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Thread: grab hook or slip hook

  1. #31
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    Back when we first started on this place, I had a category 1 tractor. I put a quick hitch on it. The trouble then was that I didn't have a really flat place to leave all the implements. If the ground wasn't a large enough flat place for both the tractor and the implement to be on the same plane, all sorts of non-workable possibilities presented themselves. I ended up taking it off.

    Now, my smallest tractor is a Category 2, but I still have a few of the old Category 1 implements. I now also have a large flat area where I keep all the implements. Even with that, I'm preferring telescopic drag links. Just back up close, tele the drag link arms out to attach, get back on the tractor and back up to lock the link arms. It does require getting off the tractor a couple of times, but it works every time, even if I'm somewhere the ground isn't flat.

    Rather than have to adjust the top link for different implements that require different lengths for a top link, I leave one set like I like it on each implement. I bought cheap ones from Agri-Supply. If I didn't have access to such a cheap place, I'd fabricate one for each piece.

  2. #32
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    Quote Originally Posted by Tom M King View Post
    … I'm preferring telescopic drag links. …

    Rather than have to adjust the top link for different implements that require different lengths for a top link, ...
    What you are describing sounds like what came on my Kubota tractor. SO easy to hook up everything.

    Good idea about different top links. But have you ever tried “top and tilt” cylinders? I added those to the Kubota and now I never want to have a tractor without them. Fingertip adjustments from the tractor seat. For those unfamiliar with them the top link and the right side link of the 3-point hitch are replaced with hydraulic cylinders controlled by levers next to the seat. Not only do they simplify attaching implements but even allow dynamic adjustments while the implement is in use. For example I use them a lot when grading with the yard box, fine adjustments to the top link to control the “bite” when moving dirt and gravel, adjustments to the tilt when angling a driveway or adding a shallow ditch along the side with the yard box or grading blade. Helpful even with the brush cutter, rotary tiller, landscaping rake. Extremely helpful when
    driving wooden fence posts on a slope!

    JKJ

  3. #33
    I have telescopic links on the lifting arms and they really help with some stubborn attachments and less than level ground.
    I also advocate having a couple of top links, I don't have one for each attachment but a short, a long and a flexible get most anything done without too much adjustment.

  4. #34
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    A quick hitch like this never comes off the tractor unless it's in the way of making a repair. There are no telescoping features to the arms as that would be another joint to loosen. This is a category 3 hitch with a capacity of just over 15,000 lbs. Anything that's going on it that is 3 pt is going to fit perfectly. I'm curious Edward if the issue isn't that category 1, category 2 being where the difference is that you are encountering. Just a thought. I have saw pins changed to allow a category 2 to be mounted on a category 1. The spacing difference would be where the issue would show up. In that case your Pat's system would allow either to be used without issue.
    PXL_20220512_193133562.jpg
    Last edited by Ronald Blue; 05-12-2022 at 7:55 PM.

  5. #35
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    Every category 3 or 4 tractor I've ever seen has that kind of hitch. I've only ever pulled the 15' batwing mower hooked like the one in that picture, or grading blade with that 3 pt.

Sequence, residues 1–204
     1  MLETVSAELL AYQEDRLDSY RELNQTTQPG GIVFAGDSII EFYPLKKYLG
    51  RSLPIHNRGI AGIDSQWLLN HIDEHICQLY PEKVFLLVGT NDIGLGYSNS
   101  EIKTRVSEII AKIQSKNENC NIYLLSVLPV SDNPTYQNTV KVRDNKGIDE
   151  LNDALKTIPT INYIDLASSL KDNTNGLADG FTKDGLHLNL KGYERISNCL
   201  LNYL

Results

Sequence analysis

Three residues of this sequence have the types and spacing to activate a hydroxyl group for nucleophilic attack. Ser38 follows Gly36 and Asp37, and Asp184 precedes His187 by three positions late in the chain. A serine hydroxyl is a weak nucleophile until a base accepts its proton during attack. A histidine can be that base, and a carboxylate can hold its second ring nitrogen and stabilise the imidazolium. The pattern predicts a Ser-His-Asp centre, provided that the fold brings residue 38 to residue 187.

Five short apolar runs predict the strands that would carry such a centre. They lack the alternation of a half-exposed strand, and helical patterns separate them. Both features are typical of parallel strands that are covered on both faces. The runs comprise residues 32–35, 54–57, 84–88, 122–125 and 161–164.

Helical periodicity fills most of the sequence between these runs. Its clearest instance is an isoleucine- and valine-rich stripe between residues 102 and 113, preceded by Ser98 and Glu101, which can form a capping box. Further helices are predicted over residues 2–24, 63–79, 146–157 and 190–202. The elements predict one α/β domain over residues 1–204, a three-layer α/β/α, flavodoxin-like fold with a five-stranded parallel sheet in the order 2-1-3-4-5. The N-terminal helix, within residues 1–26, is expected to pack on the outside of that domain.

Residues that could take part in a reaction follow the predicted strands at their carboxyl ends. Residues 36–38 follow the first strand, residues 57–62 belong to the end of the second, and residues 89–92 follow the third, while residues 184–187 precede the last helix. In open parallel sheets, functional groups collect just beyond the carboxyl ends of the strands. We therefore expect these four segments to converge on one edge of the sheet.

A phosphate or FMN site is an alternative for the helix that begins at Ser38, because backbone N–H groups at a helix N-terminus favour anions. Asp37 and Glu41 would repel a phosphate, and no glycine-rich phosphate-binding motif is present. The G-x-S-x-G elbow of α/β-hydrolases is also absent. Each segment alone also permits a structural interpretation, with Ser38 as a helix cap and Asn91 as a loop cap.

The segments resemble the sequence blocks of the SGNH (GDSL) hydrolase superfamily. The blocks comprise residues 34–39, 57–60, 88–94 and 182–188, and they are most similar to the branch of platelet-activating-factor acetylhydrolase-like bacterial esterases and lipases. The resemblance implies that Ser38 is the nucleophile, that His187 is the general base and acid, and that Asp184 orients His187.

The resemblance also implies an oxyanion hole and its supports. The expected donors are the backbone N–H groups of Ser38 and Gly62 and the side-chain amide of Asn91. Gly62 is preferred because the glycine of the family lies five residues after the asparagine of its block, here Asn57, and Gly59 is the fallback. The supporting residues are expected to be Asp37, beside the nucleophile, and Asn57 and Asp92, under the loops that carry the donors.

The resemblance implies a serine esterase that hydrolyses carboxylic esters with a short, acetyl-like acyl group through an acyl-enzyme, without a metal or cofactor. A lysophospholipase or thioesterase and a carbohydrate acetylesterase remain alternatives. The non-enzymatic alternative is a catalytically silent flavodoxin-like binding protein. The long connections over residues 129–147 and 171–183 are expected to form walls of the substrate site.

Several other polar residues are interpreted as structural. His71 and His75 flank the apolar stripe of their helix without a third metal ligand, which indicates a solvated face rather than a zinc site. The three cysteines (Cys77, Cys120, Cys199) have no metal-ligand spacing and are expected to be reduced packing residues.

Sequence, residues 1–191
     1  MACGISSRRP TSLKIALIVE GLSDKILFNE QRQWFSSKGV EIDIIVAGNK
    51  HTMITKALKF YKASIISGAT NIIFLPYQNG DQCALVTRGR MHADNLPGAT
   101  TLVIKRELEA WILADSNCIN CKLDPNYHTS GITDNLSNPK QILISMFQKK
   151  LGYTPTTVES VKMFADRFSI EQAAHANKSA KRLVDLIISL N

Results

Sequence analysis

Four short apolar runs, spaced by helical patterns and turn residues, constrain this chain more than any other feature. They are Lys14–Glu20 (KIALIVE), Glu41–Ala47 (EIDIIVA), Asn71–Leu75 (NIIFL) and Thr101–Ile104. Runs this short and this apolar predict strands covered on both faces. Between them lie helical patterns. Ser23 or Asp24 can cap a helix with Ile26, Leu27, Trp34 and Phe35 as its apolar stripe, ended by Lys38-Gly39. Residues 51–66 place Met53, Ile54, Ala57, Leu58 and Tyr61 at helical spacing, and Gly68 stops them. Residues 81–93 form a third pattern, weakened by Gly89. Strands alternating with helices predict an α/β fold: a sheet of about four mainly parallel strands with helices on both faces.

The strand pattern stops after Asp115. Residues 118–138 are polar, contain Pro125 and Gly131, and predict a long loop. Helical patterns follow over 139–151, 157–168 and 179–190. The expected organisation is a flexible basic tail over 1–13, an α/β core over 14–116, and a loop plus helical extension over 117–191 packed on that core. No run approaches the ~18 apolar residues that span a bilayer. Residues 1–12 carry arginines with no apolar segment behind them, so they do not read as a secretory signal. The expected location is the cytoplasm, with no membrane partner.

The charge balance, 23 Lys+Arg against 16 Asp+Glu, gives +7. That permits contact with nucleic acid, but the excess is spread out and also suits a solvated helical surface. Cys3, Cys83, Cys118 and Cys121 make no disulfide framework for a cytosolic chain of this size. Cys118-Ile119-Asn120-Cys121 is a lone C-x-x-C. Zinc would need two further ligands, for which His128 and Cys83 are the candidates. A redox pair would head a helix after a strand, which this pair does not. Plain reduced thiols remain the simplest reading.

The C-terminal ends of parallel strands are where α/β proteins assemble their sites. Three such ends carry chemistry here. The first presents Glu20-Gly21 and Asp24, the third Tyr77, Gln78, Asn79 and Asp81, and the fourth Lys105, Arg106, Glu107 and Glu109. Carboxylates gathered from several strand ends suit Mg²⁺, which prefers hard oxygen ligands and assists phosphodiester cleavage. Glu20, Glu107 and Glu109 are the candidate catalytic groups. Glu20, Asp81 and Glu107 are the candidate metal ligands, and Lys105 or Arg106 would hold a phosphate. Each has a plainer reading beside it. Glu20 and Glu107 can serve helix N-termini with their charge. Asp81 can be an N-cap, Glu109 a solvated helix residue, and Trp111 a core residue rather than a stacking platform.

I'm not suggesting anyone don't get a quick hitch, but was just telling my experience with one. I was new then.

    Telescopic drag links are pretty common, but they are an option. My Category 2 JD still has the original ones on it. When I bought that tractor at auction 30 years ago, the hour meter was broken at 1782 hours. I've since put a few over 3,000 more hours on it and worked it harder than was ever intended for an agricultural tractor.

    Both of my tractors only have two remotes. I'd really like to have one with 3 for the batwing, but I get by. The only thing I've needed to use the remotes on while working is a grading blade that has hydraulic swing and tilt. Off set it manual, since I only have the 2 remotes. With a tailwheel, that grading blade is almost as good as a motor grader. I built a 1/4 mile road to state specs with that blade on the 117 hp tractor, and the box blade on the 70 hp tractor. I sold that development, and the state has since taken over that road.

    I know a lot of people like a hydraulic toplink for a box blade, but I only use mine for spreading, and smoothing, so have never felt the desire to need to change the tilt on it, either way.

    I'd recommend start small before adding a lot of stuff that you may, or may not need.

    The vast majority of my tractor work is done in the evenings, after regular work, so I save time when I can with things like the individual top links. Even when I had the little tractor with the quick hitch, some things required changing the length of the top link from one to the other.

    I did find some variation in sizes of the attachment points on category 1 implements, but all my category 2 stuff is the same except the top link attachment point of my box blade. I had to so some fab work on the box blade top link attachment. Some of the category 1 stuff was made in Italy, some in the USA, and some others who knows.

    I put those category 1 to category 2 pins on the category 1 pieces I have so I don't have to fiddle with the width of the drag links. They make bushings, but they don't take into account the width. The adapter pins have shoulders that work with category 2. I have them on this topdresser I built using a Tractor Supply category 1 utility hitch. It fills in low spots while smoothing out the surface, and doesn't harm grass, like in the other picture, so I can cut the grass as fast as possible on smooth ground.
    Attached Images Attached Images
    Last edited by Tom M King; 05-12-2022 at 7:47 PM.

  6. #36
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    I edited that post to change the category to 3. Using 3 of the 4 available remotes on the field cultivator. Tom your experience mirrors mine on most things are made to the respective specifications for the specific category. The quick hitch won't work for everything but it will work for nearly all. The lift arms with the extendable ends for hooking up were great when we didn't have a quick hitch. 45 years ago they were still a pretty new thing and a luxury.